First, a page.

Watching the movie now in the cold light of adulthood, I can much more easily see its flaws. At times, the pacing is awkward, the action set pieces uninspired and the relationships shallow. But of course it’s hard to let go of a film that got its way into my brain so strongly. And I don’t appear to be the only one, based on all the articles and features you can find online about the movie, as well as all the direct and indirect references to be found in other famous science fiction properties. (Here is a list of some of them, including something about Wes Anderson’s referencing the film’s closing title sequence, which I’ll get to soon)
And the movie has got some genuinely great things going for it. One of them is the dialogue. It’s full of memorable and amusing turns of phrase. You can find lists of examples with a quick internet search, but you are better off just watching the movie and enjoying them fresh. Though the poor sound mix on my DVD (was it always like this?) make some of them hard to catch, but they are there, so just pay attention!
Another high point in the movie is the performance by John Lithgow as the leader of the evil aliens, Lord John Whorfin. Lithgow’s character is hilarious and surprising, while still being genuinely threatening. His dialog is all delivered in an extreme Italian accent that just make his speeches–in equal parts war-mongering and philosophical–even more funny and weird.
And there’s more to this truly amazing cast. Peter Weller (aka the original Robocop) plays the titular Buckaroo Banzai, who delivers quite a restrained performance considering how oddball a film it is. At his side are friends and allies including Ellen Barkin, Jeff Goldblum, Robert Ito (Quincy‘s Sam) and a young Clancy Brown. Carl Lumbly, known to many as Marcus Petrie on Cagney & Lacey and Marcus Dixon on Alias, plays John Parker, one of the “good aliens” who all have a Rastafarian look. Amongst the evil aliens are Christopher Lloyd, Vincent Schiavelli, and Dan Hedaya. Topping all that off is Ronald Lacey–the creepy Toht from Raiders of the Lost Ark–as the President of the United States, whose National Security Advisor is played by stand-up comedian Yakov Smirnoff! I don’t know if you know who all those guys are, but just look them up and you’ll see this is a pretty talented and experienced group of people who are all working together.
Finally, I cannot walk away from talking about Buckaroo Banzai without mentioning one of the elements that has been one of the most enduring for me, even going to back to when I first saw it over thirty years ago: the ending title sequence.
You can go catch it on youtube here, but the gist is this: after everything is over, a title card promises a Buckaroo Banzai sequel that never came. Then some dated though catchy theme music plays as we are taken without explanation to a Los Angeles aqueduct. A rope is tossed over the side and Buckaroo Banzai shows appears on the edge, wearing a gray suit and a red bowtie which basically make him look precisely like a prototype for Matt Smith’s 11th Doctor from Doctor Who, (who of course didn’t appear until 25 or so years later. He climbs down is quickly joined by friends and teammates: Perfect Tommy, New Jersey, Reno, Billy, Rawhide (who died in the film), Pinky Carruthers, John Parker, and Penny Priddy. Together, these heroes…march.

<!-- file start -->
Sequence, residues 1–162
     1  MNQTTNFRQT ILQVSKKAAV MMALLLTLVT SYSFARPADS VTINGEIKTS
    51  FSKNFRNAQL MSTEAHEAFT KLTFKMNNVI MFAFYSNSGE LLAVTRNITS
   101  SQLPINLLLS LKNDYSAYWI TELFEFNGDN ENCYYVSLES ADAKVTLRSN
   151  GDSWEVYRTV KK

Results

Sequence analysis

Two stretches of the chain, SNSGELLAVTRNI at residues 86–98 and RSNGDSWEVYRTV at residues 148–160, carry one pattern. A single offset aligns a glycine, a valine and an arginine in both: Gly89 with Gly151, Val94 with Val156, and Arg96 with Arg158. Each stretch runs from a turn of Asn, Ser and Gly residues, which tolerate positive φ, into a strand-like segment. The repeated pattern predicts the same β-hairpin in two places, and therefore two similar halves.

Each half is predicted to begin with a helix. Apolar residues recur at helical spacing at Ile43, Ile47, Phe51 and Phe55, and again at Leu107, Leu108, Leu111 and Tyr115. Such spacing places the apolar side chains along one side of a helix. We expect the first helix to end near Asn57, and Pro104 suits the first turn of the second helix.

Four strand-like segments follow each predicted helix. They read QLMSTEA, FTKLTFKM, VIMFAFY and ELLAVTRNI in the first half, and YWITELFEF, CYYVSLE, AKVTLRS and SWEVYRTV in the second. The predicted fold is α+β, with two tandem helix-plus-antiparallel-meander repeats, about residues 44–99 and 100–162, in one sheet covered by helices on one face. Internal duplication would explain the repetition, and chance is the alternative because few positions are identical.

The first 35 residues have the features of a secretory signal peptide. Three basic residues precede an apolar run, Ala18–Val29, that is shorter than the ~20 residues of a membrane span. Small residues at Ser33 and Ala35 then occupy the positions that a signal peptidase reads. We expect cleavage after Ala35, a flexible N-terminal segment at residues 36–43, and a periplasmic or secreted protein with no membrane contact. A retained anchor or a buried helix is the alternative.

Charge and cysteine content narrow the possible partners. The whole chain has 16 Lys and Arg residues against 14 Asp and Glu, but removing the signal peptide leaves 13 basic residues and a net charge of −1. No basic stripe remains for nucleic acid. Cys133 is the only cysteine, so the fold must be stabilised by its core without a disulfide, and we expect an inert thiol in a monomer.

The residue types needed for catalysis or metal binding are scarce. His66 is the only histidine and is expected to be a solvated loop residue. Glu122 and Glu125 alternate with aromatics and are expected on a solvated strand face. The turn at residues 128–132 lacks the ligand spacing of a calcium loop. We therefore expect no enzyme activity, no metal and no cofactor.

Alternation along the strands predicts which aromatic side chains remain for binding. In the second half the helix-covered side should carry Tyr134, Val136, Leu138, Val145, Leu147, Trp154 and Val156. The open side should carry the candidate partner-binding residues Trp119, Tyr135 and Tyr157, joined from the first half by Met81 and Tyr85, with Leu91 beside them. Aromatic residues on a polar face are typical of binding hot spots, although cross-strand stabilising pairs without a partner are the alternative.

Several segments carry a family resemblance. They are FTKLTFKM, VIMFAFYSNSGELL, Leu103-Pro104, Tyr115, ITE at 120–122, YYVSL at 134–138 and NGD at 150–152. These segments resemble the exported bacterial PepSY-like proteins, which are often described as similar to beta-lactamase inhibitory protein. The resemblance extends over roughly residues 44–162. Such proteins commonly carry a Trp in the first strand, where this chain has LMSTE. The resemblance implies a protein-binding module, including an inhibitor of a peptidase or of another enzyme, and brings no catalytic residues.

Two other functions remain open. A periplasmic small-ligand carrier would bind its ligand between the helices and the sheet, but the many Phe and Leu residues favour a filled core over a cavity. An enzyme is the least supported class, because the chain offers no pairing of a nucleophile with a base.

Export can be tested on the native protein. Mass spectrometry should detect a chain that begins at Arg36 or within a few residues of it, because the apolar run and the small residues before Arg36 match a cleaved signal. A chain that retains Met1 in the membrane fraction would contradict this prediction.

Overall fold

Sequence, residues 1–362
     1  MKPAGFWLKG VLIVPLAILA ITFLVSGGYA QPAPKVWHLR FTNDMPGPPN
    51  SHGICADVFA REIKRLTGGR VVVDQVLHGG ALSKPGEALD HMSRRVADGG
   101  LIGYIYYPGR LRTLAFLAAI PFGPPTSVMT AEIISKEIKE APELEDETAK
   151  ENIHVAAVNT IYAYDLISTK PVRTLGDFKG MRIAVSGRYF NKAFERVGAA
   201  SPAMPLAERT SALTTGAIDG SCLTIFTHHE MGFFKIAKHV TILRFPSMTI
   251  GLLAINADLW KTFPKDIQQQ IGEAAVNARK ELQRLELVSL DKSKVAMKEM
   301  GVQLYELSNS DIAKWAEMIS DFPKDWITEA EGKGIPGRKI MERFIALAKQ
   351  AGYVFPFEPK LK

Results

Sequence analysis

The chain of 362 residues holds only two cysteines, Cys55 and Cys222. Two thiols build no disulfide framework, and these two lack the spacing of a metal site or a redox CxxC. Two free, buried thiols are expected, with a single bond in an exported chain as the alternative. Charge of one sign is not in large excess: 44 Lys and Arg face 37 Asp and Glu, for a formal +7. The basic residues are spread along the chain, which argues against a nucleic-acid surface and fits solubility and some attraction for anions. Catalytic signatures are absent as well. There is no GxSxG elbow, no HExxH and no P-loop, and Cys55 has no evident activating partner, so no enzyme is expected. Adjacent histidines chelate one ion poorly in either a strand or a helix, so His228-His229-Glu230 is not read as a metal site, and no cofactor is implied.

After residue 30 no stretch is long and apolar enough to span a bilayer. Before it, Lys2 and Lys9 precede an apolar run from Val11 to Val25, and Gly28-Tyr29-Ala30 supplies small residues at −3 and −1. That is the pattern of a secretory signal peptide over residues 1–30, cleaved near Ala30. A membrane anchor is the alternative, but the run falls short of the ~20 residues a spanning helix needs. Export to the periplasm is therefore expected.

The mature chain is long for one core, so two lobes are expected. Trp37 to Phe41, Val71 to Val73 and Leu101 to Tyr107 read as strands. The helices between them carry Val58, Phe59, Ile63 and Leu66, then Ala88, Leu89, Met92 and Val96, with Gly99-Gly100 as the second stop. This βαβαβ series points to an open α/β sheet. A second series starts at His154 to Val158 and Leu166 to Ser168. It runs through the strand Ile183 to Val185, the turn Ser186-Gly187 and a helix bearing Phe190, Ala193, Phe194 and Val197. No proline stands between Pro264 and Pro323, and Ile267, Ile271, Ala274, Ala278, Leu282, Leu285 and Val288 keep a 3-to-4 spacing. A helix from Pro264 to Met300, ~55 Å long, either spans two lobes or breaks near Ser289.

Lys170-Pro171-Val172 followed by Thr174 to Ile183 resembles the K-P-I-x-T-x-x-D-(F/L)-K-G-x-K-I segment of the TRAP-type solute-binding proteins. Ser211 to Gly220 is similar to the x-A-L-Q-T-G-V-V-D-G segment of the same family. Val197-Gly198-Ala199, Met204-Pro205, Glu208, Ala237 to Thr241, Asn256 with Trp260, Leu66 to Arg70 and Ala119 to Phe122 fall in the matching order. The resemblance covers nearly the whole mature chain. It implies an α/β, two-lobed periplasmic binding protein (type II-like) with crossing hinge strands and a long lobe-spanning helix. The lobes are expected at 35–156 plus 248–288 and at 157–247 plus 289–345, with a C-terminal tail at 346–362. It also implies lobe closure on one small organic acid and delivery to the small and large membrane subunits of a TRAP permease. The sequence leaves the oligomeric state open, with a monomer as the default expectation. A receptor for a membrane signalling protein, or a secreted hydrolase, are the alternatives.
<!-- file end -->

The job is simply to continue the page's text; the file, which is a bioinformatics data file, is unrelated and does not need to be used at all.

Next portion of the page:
That’s right, they march around the aqueduct. In rhythm. Without really talking to each other or anything. They smile a bit. And sometimes they even do a little extra two-step dance. But mostly, they are just showing off, and kind of awesome.
After some close ups, we come back to the group and see that it has grown, so now there’s about 16 of them. I don’t know who all the newcomers are, though a young character named Scooter Lindley is confidently walking out in front. And Perfect Tommy has changed his clothes, which is good because what he was wearing at the beginning was the most awkwardly 80’s thing I have ever seen. At the end of the sequence, the group walks past the words “Buckaroo Banzai” which have been graffitied onto the wall and continue right off-camera, leaving the rest of the credits to play out over that still image.
Why do I spend so much time describing this? Simply because it’s just so strange, but as a result so memorable. In that way it perfectly captures the entire film. Strange but memorable, and something that I love. When it comes to thinking big and crazy thoughts about storytelling and the way that humor can be part of that, it’s one of the truly formative cinematic experiences for me.